Other senior care facilities such as continuing care retirement communities (CCRCs) and assisted living units (ALU) have experienced more financial distress resulting in restructurings and bankruptcies.  Such industry segments have been more sensitive to the real estate downturn, as the business model itself is more “housing”-driven.  Further, there is significant capital invested in the CCRC market in recent years with the potential for billions of dollars in defaults.   The economic downturn, however, has created opportunities for private equity investors to purchase senior care organizations for bargain basement prices. Chicago Senior Care, a partnership between Senior Care Development, Life Care Companies LLC, and Fundamental Advisors LP, a distressed hedge fund, acquired The Clare in Chicago in 2012 out of bankruptcy.  The Clare was a luxury senior high rise, and was purchased for approximately $53 million or roughly 20% of its original cost of its outstanding debt.  In another example, Erickson Retirement Communities’ financial viability deteriorated from an over-leveraged capital structure and a weak real estate market. In 2009, Redwood Capital Investments LLC, a private equity firm acquired most of Erickson Retirement Communities, a $2.7 billion national senior care provider for only $365 million.  Most recently, Sears Methodist Retirement Systems, one of the nation’s largest senior care organizations that specializes in an assisted living (AL), independent living (IL), and SNF filed for Chapter 11 bankruptcy on June 10, 2014 citing an inability to service $160 million in funded debt obligations.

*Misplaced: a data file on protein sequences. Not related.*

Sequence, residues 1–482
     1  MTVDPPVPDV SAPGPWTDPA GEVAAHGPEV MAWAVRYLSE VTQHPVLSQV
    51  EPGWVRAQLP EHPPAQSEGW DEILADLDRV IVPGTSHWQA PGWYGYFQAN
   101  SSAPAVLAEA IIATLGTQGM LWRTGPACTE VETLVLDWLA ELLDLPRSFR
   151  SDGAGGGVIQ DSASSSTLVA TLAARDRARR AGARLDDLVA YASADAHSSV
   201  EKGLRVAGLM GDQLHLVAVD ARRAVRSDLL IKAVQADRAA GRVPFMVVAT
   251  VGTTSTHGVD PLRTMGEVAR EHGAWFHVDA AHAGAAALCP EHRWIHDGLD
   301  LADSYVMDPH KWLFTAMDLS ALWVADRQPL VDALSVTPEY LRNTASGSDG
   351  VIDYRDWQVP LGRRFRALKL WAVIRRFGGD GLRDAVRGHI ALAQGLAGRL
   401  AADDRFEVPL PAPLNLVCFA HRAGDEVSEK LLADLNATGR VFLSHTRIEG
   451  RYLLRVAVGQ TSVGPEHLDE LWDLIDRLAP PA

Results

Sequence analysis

The aforementioned transactions highlight the challenges that many senior care organizations face trying to sustain operations amid an ailing property market and rising costs of providing care. An aging baby boomer population, interest in the post-acute industry, and opportunities for further consolidation will drive future distressed M&A transactions in the long term care space.


            For many healthcare providers, distressed M&A transactions are proving to be the only means of survival.  Financially struggling companies are having a difficult time adapting to the rapidly changing environment of the post-PPACA world. While the volume of troubled sales is expected to increase, there are many benefits to a distressed M&A. Mergers and acquisitions are a means of expanding reach, spreading best practices and reducing costs. Organizations can reduce costs by combining non-clinical support services, share best practices among facilities, reduce reliance on agency staffing with in-house registry, leverage purchasing power with vendors and suppliers, negotiate from strength with managed care plans and combining back-office operations.

[1] Ron Shinkman, “Hospital M&A deals decreased in 2013”, Fierce Health Finance, 12 May 2014, (accessed 10 June 2014).

[2]Austin Propst, “Long-Term Care M&A Sets Record in 2013”, BKD, March 2014,

[3] Source: H2C Merger and Acquisition Trends White Paper 2013

Scroll to Top